Overseas construction orders up in January

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Overseas construction orders up in January

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Korean builders are looking for ways to boost their overseas orders despite low international oil prices.

According to the Ministry of Land, Infrastructure and Transport on Tuesday, Korean builders received a surprising amount of orders in January amounting to $6 billion, which was a 61 percent increase over January 2014.

“This year marks the 50th anniversary of Korean builders going overseas,” said Song Seok-joon, head of the construction policy division at the Land Ministry. “This year, overseas projects will keep leading the Korean construction industry, and our focus will be on obtaining more value-added projects in both architectural construction and plants.”

The largest contributor to the success was emerging economies in Central and South America and Southeast Asia, accounting for 98 percent of all orders last month.

Of the $6 billion orders, 64 percent of the projects amounting to $3.85 billion came from Central and South America, while the remaining 34 percent, worth $2 billion, came from Southeast Asian nations.

Almost 92 percent of the orders were for factories. Among the most notable projects, GS E&C will build a gas processing plant worth $2.6 billion in Venezuela. Doosan Heavy Industries won a $1.65 billion project to build a coal thermal power plant in Vietnam.

Emerging economies are taking over as Korea’s new customers, as orders from builders’ traditional markets in the Middle East amounted to just $28 million due to low oil prices.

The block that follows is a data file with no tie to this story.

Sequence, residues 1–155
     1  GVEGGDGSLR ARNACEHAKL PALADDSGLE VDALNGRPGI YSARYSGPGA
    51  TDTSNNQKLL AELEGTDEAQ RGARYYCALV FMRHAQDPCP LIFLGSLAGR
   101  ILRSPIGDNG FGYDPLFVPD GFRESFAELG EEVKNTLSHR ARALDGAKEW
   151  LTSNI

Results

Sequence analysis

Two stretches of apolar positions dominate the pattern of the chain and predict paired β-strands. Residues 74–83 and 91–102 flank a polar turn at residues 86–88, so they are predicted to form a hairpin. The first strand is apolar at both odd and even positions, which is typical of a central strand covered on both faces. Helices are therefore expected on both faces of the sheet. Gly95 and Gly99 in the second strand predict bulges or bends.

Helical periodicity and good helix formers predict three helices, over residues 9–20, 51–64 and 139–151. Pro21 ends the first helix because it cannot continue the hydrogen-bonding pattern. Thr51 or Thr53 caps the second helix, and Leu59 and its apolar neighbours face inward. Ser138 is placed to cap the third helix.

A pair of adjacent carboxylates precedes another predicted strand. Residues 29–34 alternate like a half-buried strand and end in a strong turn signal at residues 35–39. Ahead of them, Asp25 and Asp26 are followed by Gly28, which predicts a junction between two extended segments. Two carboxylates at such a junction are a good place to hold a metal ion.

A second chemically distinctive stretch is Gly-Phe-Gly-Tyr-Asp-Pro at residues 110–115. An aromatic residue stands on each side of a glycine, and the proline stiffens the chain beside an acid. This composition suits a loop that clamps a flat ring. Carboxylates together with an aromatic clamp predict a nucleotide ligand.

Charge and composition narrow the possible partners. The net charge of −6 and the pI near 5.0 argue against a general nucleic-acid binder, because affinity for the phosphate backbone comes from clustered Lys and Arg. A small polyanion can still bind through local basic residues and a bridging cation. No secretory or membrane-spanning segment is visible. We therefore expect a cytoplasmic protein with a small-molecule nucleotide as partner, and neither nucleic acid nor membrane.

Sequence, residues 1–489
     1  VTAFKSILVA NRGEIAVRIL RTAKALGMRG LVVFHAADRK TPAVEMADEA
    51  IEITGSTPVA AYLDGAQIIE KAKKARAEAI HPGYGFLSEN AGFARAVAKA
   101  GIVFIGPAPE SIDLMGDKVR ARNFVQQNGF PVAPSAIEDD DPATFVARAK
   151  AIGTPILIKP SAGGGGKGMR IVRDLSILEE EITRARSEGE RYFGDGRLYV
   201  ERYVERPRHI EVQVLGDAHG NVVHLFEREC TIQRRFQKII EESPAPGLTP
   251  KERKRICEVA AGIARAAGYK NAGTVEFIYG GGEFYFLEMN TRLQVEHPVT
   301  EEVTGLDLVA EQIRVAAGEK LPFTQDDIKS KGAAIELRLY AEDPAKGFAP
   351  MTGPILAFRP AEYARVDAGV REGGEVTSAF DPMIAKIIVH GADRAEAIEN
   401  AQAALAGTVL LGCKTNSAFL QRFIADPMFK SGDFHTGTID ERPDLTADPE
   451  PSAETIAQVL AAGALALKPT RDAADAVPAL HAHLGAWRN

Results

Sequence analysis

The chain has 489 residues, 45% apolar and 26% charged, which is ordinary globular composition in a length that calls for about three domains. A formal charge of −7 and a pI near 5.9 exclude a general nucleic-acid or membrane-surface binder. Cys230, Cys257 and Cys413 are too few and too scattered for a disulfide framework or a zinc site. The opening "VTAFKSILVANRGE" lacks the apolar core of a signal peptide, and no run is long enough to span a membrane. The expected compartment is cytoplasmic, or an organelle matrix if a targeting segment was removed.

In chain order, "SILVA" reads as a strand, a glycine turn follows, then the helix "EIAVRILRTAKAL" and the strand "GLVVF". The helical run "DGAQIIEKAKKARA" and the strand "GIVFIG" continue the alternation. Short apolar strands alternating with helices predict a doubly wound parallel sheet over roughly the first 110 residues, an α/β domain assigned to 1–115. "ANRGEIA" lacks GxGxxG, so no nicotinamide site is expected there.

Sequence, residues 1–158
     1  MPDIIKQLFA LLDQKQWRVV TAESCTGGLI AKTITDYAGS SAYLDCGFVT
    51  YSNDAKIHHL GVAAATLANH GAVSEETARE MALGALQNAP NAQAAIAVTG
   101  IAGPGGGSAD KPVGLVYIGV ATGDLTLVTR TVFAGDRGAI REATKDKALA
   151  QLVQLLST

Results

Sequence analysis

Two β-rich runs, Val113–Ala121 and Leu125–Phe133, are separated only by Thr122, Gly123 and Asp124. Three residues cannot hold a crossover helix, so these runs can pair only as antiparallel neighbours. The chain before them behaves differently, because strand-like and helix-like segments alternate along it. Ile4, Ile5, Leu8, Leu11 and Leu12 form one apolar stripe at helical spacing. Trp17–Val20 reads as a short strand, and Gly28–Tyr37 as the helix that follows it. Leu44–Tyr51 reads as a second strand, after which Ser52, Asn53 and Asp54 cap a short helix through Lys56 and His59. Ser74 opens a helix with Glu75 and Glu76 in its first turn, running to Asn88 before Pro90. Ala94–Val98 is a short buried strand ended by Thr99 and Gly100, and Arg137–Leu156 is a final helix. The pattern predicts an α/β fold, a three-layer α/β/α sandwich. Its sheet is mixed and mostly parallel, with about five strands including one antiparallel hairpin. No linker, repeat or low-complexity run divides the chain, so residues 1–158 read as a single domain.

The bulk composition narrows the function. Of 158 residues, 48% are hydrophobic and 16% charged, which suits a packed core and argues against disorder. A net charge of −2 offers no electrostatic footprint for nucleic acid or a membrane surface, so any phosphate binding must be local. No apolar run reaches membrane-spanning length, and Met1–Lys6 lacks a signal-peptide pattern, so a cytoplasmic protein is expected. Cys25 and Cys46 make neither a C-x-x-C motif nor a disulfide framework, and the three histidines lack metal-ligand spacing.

“This year’s overseas construction market will still be rosy despite uncertainties in the global economy,” the Land Ministry said in a statement. “We will help our private builders by easing rules and creating opportunities in the emerging economies.”

Analysts forecast that the overseas market this year will be a significant source of expansion for Korean builders, which have been struggling amid sagging domestic demand.

“The sheer size of overseas project orders will keep rising this year due to construction demands from emerging economies in Central and South America and Southeast Asia, especially from Pacific countries,” said Yoo Wi-sung, a senior researcher at the Construction Economy Research Institute of Korea.

“With the emerging economies taking the lead in expanding the worldwide construction market, Korean builders still have opportunities even with low oil prices and the weak yen.”

BY KIM JI-YOON [jiyoon.kim@joongang.co.kr]

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